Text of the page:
The U.S. Department of Labor is now enforcing new regulations governing domestic service employees who provide companionship services to individuals due to their age or because they have an illness, injury, or disability. The Fair Labor Standards Act exempts domestic service workers who provided companionship services from its minimum wage and overtime requirements. Feeling that too many employers were unfairly taking advantage of the exemption, the U.S. Department of Labor issued new, more stringent regulations on October 1, 2013, related to the exemption. Those regulation took affect on January 1, 2015, and employers who provide covered companionship services and employees who work for such companies should be aware of the changes.
Highlights of the changes include:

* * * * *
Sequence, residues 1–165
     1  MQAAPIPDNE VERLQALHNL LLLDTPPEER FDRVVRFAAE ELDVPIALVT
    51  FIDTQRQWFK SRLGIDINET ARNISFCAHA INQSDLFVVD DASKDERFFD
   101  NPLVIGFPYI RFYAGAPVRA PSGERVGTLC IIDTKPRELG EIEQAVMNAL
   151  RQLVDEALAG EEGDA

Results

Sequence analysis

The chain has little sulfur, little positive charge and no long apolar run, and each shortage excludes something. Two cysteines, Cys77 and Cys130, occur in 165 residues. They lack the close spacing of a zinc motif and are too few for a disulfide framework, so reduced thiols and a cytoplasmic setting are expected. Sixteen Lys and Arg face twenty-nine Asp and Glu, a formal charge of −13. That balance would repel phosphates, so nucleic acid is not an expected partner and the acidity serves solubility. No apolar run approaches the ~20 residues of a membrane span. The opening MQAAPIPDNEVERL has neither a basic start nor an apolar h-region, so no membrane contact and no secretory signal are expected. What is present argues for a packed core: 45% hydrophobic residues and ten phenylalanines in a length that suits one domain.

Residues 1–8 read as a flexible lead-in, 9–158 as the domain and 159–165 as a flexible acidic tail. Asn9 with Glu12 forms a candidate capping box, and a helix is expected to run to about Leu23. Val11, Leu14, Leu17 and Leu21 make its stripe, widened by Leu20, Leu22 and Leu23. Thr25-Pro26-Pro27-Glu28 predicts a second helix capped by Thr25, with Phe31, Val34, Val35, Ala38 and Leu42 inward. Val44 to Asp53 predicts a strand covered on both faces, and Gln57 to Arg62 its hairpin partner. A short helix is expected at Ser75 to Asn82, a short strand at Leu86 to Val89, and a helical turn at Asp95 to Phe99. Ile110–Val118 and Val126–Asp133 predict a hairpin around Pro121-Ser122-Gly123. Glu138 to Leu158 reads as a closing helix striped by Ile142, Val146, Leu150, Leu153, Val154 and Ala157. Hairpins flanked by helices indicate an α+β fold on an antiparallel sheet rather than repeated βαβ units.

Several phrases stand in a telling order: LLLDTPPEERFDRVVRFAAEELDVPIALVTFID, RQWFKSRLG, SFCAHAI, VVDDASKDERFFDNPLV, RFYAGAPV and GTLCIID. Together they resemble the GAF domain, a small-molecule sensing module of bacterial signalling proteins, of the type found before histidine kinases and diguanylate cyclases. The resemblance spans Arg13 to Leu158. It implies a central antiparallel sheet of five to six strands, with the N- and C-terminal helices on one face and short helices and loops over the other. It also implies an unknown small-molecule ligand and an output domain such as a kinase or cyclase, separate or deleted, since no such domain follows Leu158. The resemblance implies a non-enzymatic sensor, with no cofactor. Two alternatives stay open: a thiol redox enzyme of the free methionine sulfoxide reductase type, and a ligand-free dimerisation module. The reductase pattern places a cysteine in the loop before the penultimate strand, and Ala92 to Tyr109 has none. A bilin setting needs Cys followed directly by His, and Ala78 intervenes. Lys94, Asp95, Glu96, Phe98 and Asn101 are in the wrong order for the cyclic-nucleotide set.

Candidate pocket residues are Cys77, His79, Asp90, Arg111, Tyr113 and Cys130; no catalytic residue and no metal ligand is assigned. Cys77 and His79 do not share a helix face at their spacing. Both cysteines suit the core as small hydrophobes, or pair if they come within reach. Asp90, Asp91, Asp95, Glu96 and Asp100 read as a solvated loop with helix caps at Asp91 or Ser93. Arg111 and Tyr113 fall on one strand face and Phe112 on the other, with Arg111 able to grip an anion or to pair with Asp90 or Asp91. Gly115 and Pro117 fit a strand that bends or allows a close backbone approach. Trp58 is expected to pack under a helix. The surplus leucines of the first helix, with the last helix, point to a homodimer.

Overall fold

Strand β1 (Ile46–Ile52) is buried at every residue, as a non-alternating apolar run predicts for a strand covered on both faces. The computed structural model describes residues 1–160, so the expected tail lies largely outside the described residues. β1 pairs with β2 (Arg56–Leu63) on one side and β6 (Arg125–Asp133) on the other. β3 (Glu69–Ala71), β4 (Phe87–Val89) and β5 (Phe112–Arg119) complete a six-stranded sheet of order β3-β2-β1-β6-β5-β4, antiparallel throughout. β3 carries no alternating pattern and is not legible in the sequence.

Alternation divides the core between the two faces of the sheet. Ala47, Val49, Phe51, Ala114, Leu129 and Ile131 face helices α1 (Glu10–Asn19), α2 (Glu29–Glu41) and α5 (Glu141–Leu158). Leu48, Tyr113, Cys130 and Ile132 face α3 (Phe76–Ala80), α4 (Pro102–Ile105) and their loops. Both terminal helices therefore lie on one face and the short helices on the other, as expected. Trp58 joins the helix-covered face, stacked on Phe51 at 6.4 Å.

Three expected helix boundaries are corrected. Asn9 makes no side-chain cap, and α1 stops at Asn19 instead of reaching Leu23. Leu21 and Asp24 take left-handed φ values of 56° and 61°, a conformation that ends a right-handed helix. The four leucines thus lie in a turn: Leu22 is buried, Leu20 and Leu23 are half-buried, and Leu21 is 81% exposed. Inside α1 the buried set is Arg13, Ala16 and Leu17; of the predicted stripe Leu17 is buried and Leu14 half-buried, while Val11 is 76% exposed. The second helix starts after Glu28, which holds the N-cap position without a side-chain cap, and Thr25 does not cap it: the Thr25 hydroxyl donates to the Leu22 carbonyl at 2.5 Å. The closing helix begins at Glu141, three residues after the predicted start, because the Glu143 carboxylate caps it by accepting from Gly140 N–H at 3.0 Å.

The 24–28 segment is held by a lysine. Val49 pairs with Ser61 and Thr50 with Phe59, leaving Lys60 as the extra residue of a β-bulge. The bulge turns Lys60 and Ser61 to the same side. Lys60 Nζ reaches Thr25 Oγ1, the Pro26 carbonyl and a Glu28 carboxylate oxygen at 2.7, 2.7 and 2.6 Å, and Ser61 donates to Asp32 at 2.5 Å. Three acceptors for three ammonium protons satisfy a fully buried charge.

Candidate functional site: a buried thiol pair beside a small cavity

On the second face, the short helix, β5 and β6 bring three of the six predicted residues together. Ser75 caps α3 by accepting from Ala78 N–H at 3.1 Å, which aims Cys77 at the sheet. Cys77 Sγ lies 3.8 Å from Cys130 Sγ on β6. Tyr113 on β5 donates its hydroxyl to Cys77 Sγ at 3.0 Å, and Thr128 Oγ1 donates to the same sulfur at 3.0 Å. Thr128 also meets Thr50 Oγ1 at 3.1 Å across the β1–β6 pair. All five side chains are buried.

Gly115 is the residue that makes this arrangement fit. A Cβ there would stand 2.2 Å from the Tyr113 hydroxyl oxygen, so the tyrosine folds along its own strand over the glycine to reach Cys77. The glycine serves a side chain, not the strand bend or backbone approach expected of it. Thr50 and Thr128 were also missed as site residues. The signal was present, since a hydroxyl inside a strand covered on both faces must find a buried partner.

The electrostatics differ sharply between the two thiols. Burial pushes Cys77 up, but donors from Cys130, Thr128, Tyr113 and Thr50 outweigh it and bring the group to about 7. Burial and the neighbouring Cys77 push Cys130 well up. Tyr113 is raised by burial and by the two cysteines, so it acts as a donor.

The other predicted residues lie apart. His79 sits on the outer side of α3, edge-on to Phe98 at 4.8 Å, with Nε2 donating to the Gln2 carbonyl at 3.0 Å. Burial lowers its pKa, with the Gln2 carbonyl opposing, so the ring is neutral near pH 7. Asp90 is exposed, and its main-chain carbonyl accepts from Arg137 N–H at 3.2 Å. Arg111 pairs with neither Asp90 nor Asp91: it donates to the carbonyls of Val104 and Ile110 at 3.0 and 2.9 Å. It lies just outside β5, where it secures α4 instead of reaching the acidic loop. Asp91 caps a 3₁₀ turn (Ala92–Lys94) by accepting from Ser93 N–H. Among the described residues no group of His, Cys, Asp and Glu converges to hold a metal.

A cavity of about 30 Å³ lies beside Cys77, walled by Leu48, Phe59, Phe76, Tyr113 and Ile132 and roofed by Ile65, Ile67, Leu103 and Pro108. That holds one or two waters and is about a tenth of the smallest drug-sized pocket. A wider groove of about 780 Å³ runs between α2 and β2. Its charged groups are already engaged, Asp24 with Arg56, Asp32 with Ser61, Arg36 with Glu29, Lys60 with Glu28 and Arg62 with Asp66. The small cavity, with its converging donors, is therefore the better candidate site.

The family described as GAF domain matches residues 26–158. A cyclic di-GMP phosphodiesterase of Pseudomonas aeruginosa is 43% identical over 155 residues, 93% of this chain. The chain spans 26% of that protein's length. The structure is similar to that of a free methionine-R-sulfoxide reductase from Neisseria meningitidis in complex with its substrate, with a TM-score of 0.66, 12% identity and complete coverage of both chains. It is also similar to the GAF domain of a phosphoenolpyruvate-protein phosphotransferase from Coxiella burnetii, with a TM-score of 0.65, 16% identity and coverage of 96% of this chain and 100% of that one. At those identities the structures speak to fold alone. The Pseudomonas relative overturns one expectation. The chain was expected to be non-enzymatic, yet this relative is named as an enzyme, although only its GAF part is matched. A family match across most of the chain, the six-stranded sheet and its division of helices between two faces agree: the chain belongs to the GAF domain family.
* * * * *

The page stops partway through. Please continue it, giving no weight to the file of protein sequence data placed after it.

- the activities that qualify as companionship services have been limited to include fellowship, protection, and a limited amount of personal care activities.
- medically related services do not qualify as companionship services.
- the exemption is not available to third-party employers, such as home care staffing agencies, who contract with individuals or other responsible individuals to provide companionship care. It is only available to the individual or other responsible individual who hires the domestic service employee either directly or jointly with a third party. Thus, third-party employers must pay domestic service workers who provided companionship services at least minimum and overtime.
It is important to note that this minimum wage and overtime exemption only applies to domestic service employees who provide companionship services. It does not apply to domestic service workers who provide other services.
For more information about the exemption, including activities that fall within the fellowship, protection, and personal care categories, visit our Domestic Service Employee Companionship Services Exemption page. You can also find information on the U.S Department of Labor’s website.